As a function of its object to further interest in and support for linguistic research and teaching in Australia, the Society will establish a separate scholarship fund. This fund will be established and maintained solely for the purpose of providing money for eligible scholarships, bursaries and prizes. The fund will be dedicated towards charitable purposes and public benefit in relation to research and teaching in linguistics within the Australian context. Members of the public and other organisations will be invited to contribute to the fund which will be managed and administered by designated officers of the Society, assisted from time to time by members or others at the discretion of the Executive of the Society. The fund will operate on a non-profit basis and gifts to the fund will be kept in a separate account from any other funds of the Society. In the event of the fund being wound up or dissolved, any surplus assets remaining after the payment of the fund's liabilities shall be transferred to another fund, authority or institution which has similar objects and to which income tax deductible gifts can be made.
Moved: Doug Absalom. Seconded: John Henderson.
8. Election of Officers
The following nominations were received for the positions due for election, and there being no other nominations, the candidates were elected unopposed.
- President: Randy LaPolla
- Vice-President: Nick Evans
- Vice-President: Rachel Nordlinger
- Post-graduate Representative: Sophie Nicholls
9. Other Business
Rachel Nordlinger reported that Nick Evans was interested in having the Association for Linguistic Typology conference in Australia in 2011.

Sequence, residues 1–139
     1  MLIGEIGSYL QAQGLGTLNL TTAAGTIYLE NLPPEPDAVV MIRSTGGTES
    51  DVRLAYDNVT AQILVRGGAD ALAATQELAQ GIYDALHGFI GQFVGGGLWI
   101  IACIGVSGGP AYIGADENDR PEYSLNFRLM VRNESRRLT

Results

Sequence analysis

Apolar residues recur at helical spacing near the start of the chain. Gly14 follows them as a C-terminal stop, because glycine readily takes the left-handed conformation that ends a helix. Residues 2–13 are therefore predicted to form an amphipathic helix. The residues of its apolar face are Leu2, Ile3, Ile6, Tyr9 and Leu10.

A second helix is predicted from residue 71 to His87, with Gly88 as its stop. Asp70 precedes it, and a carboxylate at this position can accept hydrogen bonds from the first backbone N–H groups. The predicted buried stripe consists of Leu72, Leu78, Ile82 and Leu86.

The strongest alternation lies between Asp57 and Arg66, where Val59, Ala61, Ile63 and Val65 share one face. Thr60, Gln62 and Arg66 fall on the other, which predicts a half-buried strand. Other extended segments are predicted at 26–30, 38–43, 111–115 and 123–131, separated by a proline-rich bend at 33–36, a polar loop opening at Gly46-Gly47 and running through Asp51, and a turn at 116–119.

David Moore informed members of the recent establishment of the Society for the History of Linguistics in the Pacific and invited members to join. They are planning to hold a conference in 2008.
Michael Walsh advertised the Free Linguistics Conference to be held in Sydney in November and a conference on trends in toponymy in December.
Claire Bowern advertised a PhD position available at Rice University.
The President closed the meeting at 5:40.
The following is a list of publications relating to the study of language, received by the Reviews Editor of the Australian Journal of Linguistics. Note that it is not possible to return books to the publisher, and that acceptance of a book implies no promise that it will be reviewed in the Australian Journal of Linguistics. Reviews are printed as circumstances permit, and copies are sent to the publishers of the works reviewed. If you wish to review a book, please contact the Reviews Editor, Alan Libert (Alan.Libert-at-newcastle.edu.au). Note that many books from previous lists of publications received are still available, so you may want to look at them also. If there is a book you are interested in reviewing but it is not on the list, please contact Alan as it is possible that ALS could then obtain a review copy from the publisher.
- Bang, J. C. and J. Door (2007) Language, Ecology and Society. Continuum, London.
- Bickmore, F. (2007) Cilungu Phonology. CSLI Publications, Standford, CA.
- Faber, B. (2007) Discourse, Technology and Change. Continuum, London.
- Griffiths, P. (2006) An Introduction to English Semantics and Pragmatics. Edinburgh University Press, Edinburgh.
- Hoey, M., M. Mahlberg, M. Stubbs, and W. Teubert (2007) Text, Discourse and Corpora. Continuum, London.
- Parodi, G., ed. (2007) Working with Spanish Corpora. Continuum, London.
- Riley, P. (2007) Language, Culture and Identity. Continuum, London.
- Winkler, E. G. (2007) Understanding Language. Continuum, London.
Research Centre for Linguistic Typology, 28-29 November 2007
Organised by Professor Anne Storch University of Cologne. To be held in the RCLT Reading Room. All welcome.
Wednesday 28 November
Chair: Anne Storch
2.30 Alexandra Y. Aikhenvald: Language contact along the Sepik River, Papua New Guinea
4.15 R. M. W. Dixon: Language contact between rivers in North Queensland, Australia
6.00 RCLT's end-of-year Barbecue - All workshop participants and auditors are cordially invited